Professionals Rules

Koepka’s caddie, Lydia Ko’s misunderstanding and more – The most bizarre rule situations in 2023

In 2023, there were also some curious rules situations. In addition to the ignorance of the golfers, the triggers included a hit golf cart and a forgotten club in the tournament bag. The intervention of the officials often had bitter consequences and shattered a few dreams this year. One thing is certain, whether quintuple bogey or disqualification, a glance at the rules would have prevented a number of situations.

Aerated greens: Honesty wins over course record

Tommy Kuhl, college golfer, experienced emotional ups and downs at a local US Open qualifying tournament. First, he broke the course record (62) at Illini Country Club and made it to the next qualifying stage. But the player from the University of Illinios had a rude awakening when he spoke to his teammates. When they mentioned after the end of the round how difficult they had found it to putt on aerated Greens, the student realized that he had repaired the effects of aerification more than once. According to Rule 13.1c, repairs can be made, but there is a clear reference to soil aeration: “Damage to the Green does not include damage or conditions caused by normal maintenance work to preserve the Green (such as soil aeration holes and grooves from scarifying).” This gave Kuhl a “queasy feeling” and as he could not reconcile this with his conscience, he let the officials know about his actions. As a result, he indirectly disqualified himself, his course record was annulled and his dream of a US Open was to remain a dream.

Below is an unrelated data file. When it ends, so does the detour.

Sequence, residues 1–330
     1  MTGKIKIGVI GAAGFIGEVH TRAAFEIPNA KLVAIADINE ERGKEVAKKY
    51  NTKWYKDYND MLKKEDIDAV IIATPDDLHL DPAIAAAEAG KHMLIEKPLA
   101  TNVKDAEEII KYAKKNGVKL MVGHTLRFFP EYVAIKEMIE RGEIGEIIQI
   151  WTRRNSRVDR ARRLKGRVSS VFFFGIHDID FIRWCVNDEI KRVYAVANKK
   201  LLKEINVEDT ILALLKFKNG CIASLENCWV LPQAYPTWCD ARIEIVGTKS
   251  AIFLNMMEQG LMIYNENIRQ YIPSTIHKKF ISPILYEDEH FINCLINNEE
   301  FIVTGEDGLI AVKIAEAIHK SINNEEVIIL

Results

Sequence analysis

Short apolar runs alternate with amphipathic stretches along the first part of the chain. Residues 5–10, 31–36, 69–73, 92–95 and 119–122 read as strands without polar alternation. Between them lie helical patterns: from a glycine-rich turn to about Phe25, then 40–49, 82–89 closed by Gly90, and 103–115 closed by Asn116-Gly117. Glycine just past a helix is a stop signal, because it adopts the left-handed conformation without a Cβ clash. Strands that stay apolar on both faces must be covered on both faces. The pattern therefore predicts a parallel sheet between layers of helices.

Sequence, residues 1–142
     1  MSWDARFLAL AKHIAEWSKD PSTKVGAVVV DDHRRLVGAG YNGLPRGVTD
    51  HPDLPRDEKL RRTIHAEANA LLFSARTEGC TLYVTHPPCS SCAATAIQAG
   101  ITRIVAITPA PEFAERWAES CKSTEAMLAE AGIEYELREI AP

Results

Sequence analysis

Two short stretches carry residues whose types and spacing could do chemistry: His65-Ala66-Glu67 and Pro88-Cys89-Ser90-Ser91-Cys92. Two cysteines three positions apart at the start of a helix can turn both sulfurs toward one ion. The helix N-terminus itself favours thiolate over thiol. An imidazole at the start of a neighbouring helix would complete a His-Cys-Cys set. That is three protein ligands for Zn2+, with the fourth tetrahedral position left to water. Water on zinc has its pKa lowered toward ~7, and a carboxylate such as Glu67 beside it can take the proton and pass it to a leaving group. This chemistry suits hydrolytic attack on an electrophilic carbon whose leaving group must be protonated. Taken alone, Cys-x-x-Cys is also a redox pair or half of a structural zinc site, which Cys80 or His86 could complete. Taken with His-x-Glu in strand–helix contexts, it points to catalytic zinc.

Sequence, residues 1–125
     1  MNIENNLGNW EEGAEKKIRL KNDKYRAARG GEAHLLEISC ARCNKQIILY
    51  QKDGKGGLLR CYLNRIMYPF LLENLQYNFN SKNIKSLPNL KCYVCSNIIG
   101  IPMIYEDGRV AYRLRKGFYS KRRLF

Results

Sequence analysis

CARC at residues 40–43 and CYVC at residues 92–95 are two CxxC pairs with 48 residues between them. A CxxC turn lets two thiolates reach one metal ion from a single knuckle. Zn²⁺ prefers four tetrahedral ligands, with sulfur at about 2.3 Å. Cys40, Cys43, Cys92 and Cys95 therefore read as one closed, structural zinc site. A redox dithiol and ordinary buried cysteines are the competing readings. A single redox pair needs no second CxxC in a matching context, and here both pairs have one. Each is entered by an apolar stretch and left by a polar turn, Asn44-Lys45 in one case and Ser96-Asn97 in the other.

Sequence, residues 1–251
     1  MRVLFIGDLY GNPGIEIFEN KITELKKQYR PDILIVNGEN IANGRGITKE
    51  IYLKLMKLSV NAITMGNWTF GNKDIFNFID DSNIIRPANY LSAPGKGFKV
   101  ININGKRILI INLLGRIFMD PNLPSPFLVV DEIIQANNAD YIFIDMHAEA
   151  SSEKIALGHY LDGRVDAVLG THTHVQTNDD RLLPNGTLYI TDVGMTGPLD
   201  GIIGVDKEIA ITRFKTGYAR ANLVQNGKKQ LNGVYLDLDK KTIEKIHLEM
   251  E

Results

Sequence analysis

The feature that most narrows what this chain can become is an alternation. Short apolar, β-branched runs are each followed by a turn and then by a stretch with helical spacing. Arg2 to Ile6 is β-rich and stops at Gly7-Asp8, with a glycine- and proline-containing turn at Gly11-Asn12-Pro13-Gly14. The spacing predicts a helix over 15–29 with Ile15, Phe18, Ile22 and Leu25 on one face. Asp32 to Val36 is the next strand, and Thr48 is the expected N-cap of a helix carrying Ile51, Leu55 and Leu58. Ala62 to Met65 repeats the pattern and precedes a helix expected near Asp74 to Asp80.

Rare faux pas costs qualification for PGA tournament

The next tragic but also honest character in the year’s rule situations is Hayden Springer. The Texan made a momentous gaffe in the final of the qualifying tournament for the Rocket Mortgage Classic. On Monday, it was a four-player play-off for the three spots for the tournament itself in the same week. Before that, Springer practiced on the driving range after his round of 66, which qualified him for the play-off, and waited for the rest of the field. On the range, he practiced with a club that had not previously been part of his 14-strong tournament bag. When he walked onto the fairway at Fieldstone Golf Club in Auburn Hills on the first playoff hole after teeing off, it sent shivers down his spine. Hayden Springer remembered that the 15th club was still in the bag. He immediately reported the mistake to the rules officials, which is particularly creditable as nobody knew about it. He then played par on the first play-off hole like two of his competitors, while one of the other three players only recorded bogey. In purely playing terms, Springer would have made it. But despite his integrity, the rules had to be adhered to and he received two penalty strokes for the infringement. The resulting double bogey cost him his long-awaited qualification for the PGA Tour event.